4. 4. BIODEGRADABLE POLYMERS: A REVIEW 1.0 Introduction The commodity polymers with which we are most familiar were developed to provide durability and resistance to various forms of degradation including photo degradation (the effects of sunlight) as well as the attack of fungi and microbial agents. Materials such as the polyolefines performed their function well and displaced other less resistant materials such as “Cellophane” with the result that they are now ubiquitous in our society. During the decade of the 80’s and into the 1990’s the so called “landfill crisis” in many parts of the developed world including North America spawned the notion that the “crisis” could be mitigated if more materials entering the landfills could be made to degrade and thereby relinquish the space they once occupied. This notion was ill founded and failed to account for the characteristics of a modern sanitary landfill. In addition since it was focussed solely on space it never considered the products of degradation and their environmental footprint. None the less the matter left products manufactured from plastics carrying the label that they were not biodegradable. Anticipating a market opportunity a number of companies, in North America and elsewhere, developed materials that were purported to degrade by photo or biological means. Most of these products were compounded versions of conventional resins, some of which disintegrated over time into small pieces, but failed to exhibit the characteristics of biological degradation which result in the total mineralization of the substance into carbon dioxide or methane, water and humic residues. A number of municipalities in Canada and the United States tried some of these products as collection bags in their new municipal composting programmes but failed to realize the benefits anticipated. In most instances the bags neither composted nor disintegrated in the required time span. As a result the so-called biodegradeable materials received a bad press from which it has been difficult to recover. Since the time of the first forays into the market biodegradable plastics have matured greatly. New polymers offering properties, one of which is true susceptibility to microbial attack, have entered the marketplace. In addition standards have been developed which assess the propensity of a material to degrade biologically. Biodegradable products are no longer pitched at eliminating land fill issues but rather are targeted to specific applications such as the collection of leaf and yard waste destined to composting operations. In this end use a truly compostable bag, compatible with the operation, affords substantial economic benefit and/or improved quality of finished compost. 4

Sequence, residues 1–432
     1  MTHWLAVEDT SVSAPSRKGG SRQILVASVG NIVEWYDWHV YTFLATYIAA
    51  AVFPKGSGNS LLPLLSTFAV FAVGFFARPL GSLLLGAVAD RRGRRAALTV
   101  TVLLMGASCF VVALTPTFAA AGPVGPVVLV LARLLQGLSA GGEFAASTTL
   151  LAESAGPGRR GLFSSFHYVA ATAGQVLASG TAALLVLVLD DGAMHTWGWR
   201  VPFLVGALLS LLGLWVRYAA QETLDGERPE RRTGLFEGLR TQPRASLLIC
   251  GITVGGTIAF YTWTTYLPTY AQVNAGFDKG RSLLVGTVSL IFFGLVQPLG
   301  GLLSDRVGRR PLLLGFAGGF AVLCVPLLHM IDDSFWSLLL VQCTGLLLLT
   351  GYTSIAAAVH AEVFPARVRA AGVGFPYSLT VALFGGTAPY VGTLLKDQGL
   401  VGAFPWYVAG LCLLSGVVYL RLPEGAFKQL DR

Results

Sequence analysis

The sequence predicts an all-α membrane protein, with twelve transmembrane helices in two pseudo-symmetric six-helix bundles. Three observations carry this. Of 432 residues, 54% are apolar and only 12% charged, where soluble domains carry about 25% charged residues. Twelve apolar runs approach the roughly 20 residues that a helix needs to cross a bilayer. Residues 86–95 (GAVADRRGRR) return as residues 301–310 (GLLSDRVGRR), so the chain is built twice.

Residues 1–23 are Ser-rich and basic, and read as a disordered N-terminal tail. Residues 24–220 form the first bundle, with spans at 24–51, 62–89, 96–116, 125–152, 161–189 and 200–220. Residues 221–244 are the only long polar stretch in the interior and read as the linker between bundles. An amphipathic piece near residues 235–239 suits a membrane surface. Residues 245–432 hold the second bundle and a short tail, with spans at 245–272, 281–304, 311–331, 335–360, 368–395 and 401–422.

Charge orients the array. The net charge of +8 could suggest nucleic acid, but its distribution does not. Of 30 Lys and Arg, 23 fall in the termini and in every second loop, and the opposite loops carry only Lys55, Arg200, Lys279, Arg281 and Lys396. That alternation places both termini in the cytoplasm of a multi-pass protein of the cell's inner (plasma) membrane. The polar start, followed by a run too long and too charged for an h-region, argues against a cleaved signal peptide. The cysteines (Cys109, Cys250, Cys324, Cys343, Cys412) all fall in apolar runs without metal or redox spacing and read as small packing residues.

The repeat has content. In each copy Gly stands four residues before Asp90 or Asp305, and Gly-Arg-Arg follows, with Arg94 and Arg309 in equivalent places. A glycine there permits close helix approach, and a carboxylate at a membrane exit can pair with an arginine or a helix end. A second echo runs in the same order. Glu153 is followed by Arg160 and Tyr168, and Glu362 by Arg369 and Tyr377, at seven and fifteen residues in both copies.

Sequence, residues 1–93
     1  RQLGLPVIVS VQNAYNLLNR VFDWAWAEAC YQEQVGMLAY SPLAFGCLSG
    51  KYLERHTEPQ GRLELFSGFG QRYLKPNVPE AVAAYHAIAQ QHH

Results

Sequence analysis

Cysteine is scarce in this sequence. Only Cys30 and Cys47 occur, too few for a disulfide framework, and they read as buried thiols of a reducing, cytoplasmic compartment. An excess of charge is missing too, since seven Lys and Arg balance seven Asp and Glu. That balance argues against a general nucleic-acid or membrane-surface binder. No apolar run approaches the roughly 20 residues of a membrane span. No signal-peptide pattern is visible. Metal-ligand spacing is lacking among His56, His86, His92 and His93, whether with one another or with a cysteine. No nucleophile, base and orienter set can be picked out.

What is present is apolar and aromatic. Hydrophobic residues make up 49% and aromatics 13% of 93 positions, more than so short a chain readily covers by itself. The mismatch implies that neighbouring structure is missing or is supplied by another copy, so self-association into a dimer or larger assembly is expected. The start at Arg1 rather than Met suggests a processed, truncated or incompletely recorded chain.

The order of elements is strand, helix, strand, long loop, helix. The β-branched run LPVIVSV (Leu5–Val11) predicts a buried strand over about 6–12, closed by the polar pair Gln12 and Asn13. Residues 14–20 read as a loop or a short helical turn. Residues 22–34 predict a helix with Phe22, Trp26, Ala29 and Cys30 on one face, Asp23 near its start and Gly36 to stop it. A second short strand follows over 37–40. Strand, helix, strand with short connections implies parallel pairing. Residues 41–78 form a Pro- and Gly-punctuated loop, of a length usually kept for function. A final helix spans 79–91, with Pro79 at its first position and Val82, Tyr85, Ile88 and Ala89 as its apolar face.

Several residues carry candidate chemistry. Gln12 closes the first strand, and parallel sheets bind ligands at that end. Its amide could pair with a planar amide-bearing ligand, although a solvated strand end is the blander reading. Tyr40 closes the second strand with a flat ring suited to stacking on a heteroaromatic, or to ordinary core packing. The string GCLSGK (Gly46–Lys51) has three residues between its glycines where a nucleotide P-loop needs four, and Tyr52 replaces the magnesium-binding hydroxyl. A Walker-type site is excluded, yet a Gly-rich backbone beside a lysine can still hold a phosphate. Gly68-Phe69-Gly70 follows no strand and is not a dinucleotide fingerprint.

5. 5. In July 2000 the US Composting Council and the Biodegradable Products Institute announced a labeling (certification) programme based on the ASTM Standard D 6400-99 for materials suitable for composting applications. In the light of the progress which has been made it is probably an opportune moment to review once again the subject of degradable plastics. 1.1 Definitions 1.1.1 Biodegradable Plastic – a degradable plastic in which the degradation results from the action of naturally occurring microorganisms such as bacteria, fungi and algae. (ASTM D 6400-99) 1.1.2 Compostable Plastic – a plastic that undergoes degradation by biological processes during composting to yield CO2 , water, inorganic compounds and biomass at a rate consistent with other compostable materials and leaves no visible, distinguishable or toxic residue. (ASTM D 6400-99) Several other definitions are useful in understanding the complexity of claims made regarding specific materials. The definitions given below have been taken from the journal “Biocycle” March 1998 which has based its report on work done at ASTM and CEN (Europe). 1.1.3 Degradable – “A material is called degradable with respect to specific environmental conditions if it undergoes a degradation to a specific extent within a given time measured by specific standard test methods.” 1.1.4 Degradation - … “an irreversible process leading to a significant change of the structure of a material, typically characterized by a loss of properties (eg. integrity, molecular weight, structure or mechanical strength) and/or fragmentation. Degradation is affected by environmental conditions and proceeds over a period of time comprising one or more steps.” 1.1.5 Disintegration – “The falling apart into very small fragments of packaging or packaging material caused by degradation mechanisms.” The latter definitions are broader in scope than the definitions that invoke biological activity (1.1.1 and 1.1.2). In addition the definition of a compostable plastic relates the degradation of the plastic to the time frame of other biological activities. The subtle differences inherent in the various definitions are extremely important when making claims regarding products. For a material to receive the new logo of the US Composting Council it must meet all of the requirements of ASTM D 6400-99. 5